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Wednesday, August 12, 2015

Viruses and Linux


Viruses and Linux


This is a very famous saying and one of the biggest myths around Linux that there are no viruses on Linux. Almost everybody using Linux thinks that they don't need an antivirus. This is not the case though.

In order to understand this we first need to understand what a Virus/worm/trojan etc. Is. In very simple verbiage, anything on your computer that is causing unwanted behavior. Anything that you did not install by our own with complete knowledge an is causing harm. Something that has sneaked into your computer and is performing unwanted operations would fall under the broad term Virus.

A program which is trying to make copies of itself, trying to delete files from your system, trying to monitor your system and sending information to some remote hacker etc... There are many more things that so called Virus/Malware/Adware/Worms/Trojans/rootkits/keyloggers etc... can do. These are specifically engineered pieces of software, designed to stay disguised and remain untraced for the most part, i case of a 0 Day threat and do the activities they were designed to do.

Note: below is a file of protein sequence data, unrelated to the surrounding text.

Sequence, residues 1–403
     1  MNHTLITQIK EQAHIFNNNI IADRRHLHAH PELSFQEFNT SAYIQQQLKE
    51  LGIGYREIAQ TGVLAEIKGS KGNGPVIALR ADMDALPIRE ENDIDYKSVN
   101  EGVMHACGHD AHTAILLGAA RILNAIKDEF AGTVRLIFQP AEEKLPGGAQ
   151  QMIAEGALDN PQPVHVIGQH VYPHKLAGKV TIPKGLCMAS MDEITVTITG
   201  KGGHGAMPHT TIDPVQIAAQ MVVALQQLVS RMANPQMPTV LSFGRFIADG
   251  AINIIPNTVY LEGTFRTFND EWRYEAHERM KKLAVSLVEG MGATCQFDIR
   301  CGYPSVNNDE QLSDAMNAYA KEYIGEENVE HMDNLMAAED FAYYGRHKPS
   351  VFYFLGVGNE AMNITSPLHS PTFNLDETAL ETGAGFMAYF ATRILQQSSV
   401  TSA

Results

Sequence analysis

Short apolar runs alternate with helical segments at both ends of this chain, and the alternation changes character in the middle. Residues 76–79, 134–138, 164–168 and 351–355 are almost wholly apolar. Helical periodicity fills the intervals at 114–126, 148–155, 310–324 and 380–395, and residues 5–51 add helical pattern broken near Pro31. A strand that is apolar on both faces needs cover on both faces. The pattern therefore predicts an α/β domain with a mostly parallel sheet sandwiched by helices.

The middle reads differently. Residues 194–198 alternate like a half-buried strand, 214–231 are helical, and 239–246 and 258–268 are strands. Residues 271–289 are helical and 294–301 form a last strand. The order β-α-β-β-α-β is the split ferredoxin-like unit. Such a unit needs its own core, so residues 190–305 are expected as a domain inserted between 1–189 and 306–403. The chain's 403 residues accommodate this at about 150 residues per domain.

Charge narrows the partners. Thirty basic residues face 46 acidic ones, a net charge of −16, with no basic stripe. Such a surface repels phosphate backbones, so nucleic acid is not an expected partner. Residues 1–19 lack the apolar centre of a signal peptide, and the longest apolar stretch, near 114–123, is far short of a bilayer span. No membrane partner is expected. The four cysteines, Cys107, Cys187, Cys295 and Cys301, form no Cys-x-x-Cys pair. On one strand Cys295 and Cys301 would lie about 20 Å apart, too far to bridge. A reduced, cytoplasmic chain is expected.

So there is a general purpose definition and then there are more specific definitions of these programs that we classify as Viruses/Malware/Adware/Worms/Trojans/rootkits/keyloggers etc.. Their classification entirely depends on the way they operate and what part of the System they attack. All viruses don't operate in the same way, hence their definitions are different.